The Strange Journey of Joaquin Phoenix
With fewer and fewer truly weird mainstream actors out there, it's a bad idea to take the ones we do have for granted. On that note, we look to Joaquin Phoenix, who has proven to be one of the strangest actors of his generation. With his supposedly career redefining performance in Paul Thomas Anderson's 'The Master' just around the corner, now's a good time to refresh ourselves on the history of this awesome Hollywood weirdo.
This is probably the other way around now, but the first thing any of us knew about Joaquin Phoenix was that he was River Phoenix's little brother. We might have seen him credited as Leaf Phoenix in Russkies, SpaceCamp, or Parenthood, but he certainly didn't have the marquee status his brother enjoyed at the time, and we likely only recognized him later once he'd already found fame as an adult.
Nevertheless, some of that Joaquin edge was already present, particularly in his role as a porno watching juvenile delinquent in Ron Howard's strangely adult family comedy, Parenthood. Even as a kid, Joaquin Phoenix was up to no good.
We didn't actually meet Joaquin Phoenix until his turn in Gus Van Sant's To Die For, in which he played a mentally deficient delinquent teen whom a smoking hot Nicole Kidman somehow convinces to murder her hunky husband (psst, she uses her vagina). To Die For also marks an important milestone for pairing Phoenix with best pal and future enabler, Casey Affleck.
Even this early in his career, Phoenix displays an ability to so thoroughly embody a character that it affects the way he comes off as a real life human being. After seeing him in To Die For, I naturally assumed the real life Joaquin Phoenix also cut his own hair and struggled to put coherent sentences together.
For the next couple of years, Joaquin Phoenix would show up in a number of films, usually as a troubled delinquent, but not always. Whether playing a crazy greaser in U-Turn, a sad, sub-greaser in Inventing the Abbots, or a porn-selling neo greaser in 8MM, Jaoquin often provided films with memorable support characters thanks to his strange line delivery and ever-present scarred lip.
As Joaquin Phoenix's star rose, so did his acting opportunities. After a much heralded turn in the Marquis de Sade period piece, Quills, he finally proved able to blend in with legitimate costume dramas without weirding up the place too much with his strange punk rock anachronism. This lead to arguably his biggest role playing villainous Commodus in Ridley Scott's Gladiator.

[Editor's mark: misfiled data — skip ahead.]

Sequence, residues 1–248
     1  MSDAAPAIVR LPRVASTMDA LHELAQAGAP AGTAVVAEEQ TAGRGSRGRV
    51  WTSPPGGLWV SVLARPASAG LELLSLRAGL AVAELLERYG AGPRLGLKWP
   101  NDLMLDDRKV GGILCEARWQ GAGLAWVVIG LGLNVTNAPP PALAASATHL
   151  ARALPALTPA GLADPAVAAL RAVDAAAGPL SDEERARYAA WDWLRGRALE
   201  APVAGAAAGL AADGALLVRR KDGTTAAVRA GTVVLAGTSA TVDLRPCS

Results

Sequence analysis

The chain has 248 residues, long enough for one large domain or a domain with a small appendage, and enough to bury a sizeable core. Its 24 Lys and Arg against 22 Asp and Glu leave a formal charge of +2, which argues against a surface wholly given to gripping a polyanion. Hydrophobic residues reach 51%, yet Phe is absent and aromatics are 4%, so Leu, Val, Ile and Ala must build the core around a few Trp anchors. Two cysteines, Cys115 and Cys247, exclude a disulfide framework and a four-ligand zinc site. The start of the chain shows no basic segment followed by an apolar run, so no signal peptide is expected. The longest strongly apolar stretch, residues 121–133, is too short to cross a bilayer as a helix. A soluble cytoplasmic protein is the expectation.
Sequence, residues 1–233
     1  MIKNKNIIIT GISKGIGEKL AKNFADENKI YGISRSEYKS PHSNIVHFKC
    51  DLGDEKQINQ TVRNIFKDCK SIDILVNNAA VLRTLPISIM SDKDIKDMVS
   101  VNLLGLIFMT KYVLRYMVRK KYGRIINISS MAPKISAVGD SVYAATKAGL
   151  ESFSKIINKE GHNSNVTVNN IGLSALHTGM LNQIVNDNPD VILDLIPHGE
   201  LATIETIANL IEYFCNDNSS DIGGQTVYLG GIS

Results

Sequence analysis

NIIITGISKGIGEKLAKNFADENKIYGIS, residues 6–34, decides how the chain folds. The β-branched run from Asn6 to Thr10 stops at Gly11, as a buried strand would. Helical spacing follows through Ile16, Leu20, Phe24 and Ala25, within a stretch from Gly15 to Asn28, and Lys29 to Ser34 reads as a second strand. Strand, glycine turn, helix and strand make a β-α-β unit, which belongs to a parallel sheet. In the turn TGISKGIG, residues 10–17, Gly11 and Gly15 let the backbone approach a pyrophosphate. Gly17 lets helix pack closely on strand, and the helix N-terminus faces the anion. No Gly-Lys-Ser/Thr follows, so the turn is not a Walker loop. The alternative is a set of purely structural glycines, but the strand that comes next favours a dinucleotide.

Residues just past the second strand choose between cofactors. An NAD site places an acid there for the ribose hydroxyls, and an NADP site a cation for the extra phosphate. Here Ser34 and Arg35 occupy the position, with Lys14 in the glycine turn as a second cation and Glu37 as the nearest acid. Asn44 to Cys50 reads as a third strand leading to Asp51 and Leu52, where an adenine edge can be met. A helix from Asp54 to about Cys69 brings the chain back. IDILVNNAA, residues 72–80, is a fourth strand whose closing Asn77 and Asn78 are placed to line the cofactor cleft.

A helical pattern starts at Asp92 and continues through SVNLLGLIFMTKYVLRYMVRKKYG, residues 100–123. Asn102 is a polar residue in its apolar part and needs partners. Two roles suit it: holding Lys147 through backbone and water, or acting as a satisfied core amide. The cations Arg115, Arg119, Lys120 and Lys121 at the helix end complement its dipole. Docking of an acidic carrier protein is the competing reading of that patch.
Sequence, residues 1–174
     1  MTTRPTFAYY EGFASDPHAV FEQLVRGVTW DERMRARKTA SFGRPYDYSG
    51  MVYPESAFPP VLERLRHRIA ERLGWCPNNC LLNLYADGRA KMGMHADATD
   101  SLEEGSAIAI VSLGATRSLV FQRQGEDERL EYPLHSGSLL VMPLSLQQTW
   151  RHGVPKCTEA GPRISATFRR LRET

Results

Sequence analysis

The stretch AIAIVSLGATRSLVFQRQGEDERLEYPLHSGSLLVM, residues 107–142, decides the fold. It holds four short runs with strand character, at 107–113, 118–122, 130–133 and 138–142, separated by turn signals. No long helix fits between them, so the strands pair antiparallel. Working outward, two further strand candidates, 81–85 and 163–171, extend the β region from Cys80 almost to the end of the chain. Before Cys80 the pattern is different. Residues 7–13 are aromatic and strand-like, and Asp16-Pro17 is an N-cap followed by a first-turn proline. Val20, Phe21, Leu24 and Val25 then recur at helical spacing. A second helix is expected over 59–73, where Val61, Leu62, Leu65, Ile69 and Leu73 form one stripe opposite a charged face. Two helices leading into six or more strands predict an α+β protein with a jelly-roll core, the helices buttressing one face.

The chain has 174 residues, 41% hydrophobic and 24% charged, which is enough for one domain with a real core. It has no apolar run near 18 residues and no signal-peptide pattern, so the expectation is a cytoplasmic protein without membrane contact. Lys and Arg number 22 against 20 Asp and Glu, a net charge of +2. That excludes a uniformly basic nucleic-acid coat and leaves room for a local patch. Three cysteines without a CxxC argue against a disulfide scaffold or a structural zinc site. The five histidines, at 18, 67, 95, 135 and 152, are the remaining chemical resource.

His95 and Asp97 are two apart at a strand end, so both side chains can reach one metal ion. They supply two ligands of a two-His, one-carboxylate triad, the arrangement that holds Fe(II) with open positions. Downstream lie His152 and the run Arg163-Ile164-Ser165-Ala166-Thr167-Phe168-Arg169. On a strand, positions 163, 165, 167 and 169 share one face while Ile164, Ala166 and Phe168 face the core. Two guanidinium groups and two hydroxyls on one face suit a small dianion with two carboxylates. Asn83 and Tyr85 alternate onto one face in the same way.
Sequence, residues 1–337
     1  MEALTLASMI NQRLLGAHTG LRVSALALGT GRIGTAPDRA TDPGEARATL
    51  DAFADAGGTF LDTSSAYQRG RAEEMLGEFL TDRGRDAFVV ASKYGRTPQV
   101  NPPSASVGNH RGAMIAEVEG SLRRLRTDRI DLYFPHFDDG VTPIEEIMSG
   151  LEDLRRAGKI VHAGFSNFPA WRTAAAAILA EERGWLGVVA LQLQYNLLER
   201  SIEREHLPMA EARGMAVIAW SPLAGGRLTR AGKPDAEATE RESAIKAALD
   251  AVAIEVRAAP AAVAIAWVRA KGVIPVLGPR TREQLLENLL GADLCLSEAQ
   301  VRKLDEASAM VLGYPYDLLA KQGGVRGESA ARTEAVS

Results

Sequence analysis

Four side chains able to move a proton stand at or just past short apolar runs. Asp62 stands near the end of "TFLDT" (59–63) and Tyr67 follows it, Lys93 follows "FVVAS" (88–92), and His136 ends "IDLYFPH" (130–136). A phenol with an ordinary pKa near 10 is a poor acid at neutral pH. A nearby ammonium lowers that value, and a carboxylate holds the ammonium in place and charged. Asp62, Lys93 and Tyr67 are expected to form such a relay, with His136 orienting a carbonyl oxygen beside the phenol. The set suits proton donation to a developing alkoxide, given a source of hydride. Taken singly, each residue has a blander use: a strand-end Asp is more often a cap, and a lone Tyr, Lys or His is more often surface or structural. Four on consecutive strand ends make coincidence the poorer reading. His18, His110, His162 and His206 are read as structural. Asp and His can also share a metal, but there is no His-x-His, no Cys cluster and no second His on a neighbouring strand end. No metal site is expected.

Commodus, a patricidal, incestuous spoiled brat with a huge chip on his shoulder, needed an actor who could bring out his obnoxiously unearned power and pitiful wimpiness. Joaquin Phoenix was that actor. The role made him a hard-to-pronounce household name and even won him an Academy Award nomination.
After this, Joaquin Phoenix could do whatever he wanted, so he spent even more time as a sidekick, albeit this time in films that pretended he was just an everyday guy. Among other roles, he played Mel Gibson's little brother in Signs, a fireman next to John Travolta in Ladder 49, and a cynical but well meaning cameraman in Hotel Rwanda. It was almost like he wasn't weird at all.
These roles finally shot him to superstardom and leading man status, which he exploited to the fullest with his portrayal as Johnny Cash in 2005's Walk the Line. Phoenix didn't much physically resemble Cash, yet effortlessly embodied the country singer's legendary persona. He also matched the singer note for note on the film's soundtrack, which Joaquin sang on himself. It's unclear whether the real life Johnny Cash laughed like a mental patient while teasing future wife June Carter with peanuts, but Phoenix's version of the character sure as hell did.
The film won Phoenix another Academy Award nomination (the one thing biopics do extraordinarily well), and Phoenix would star in a couple more films afterwards. But his time as a leading man would not last long.
One day we all woke up and found the Joaquin Phoenix we'd fallen in love with missing, replaced by "Joaquin Phoenix," a drug hazed hip hop artist of mediocre talent who resembled not a human so much as a wig factory explosion with sunglasses.
Soon after, Phoenix and long time pal Casey Affleck released I'm Still Here (NOT a prequel to the strange Bob Dylan biopic, I'm Not There), a mockumentary made by famous people about how silly fame is. In the film, Joaquin participates in an endless parade of soul crushing debauchery and some guy poops on his chest. Affleck and Phoenix released it upon a world only interested in Phoenix's crazy David Letterman appearance, which they already saw. Thus, a film about the silliness of being popular was ultimately not popular at all. On top of that, Joaquin's fake retirement from acting and reckless public behavior charred bridges and won him a small stint in actor jail.
But you can't keep a true artist down for long, and Joaquin Phoenix appears to have suddenly found his prime, delivering a notable performance in Paul Thomas Anderson's upcoming The Master, in which Phoenix somehow manipulates his face into that of a lithe and dangerous young Charlton Heston. Few reviewers have failed to mention his performance as a highlight both for the film and Phoenix's acting career.
And it doesn't look like he's stopping there. His next film, Spike Jonze's Her, features Phoenix as a man who falls in love with a computer operating system. Now more than ever, Joaquin Phoenix's stature as a talented, irreverent artist seems assured. Whatever he does in the future, it'll likely be worth looking into for his name alone.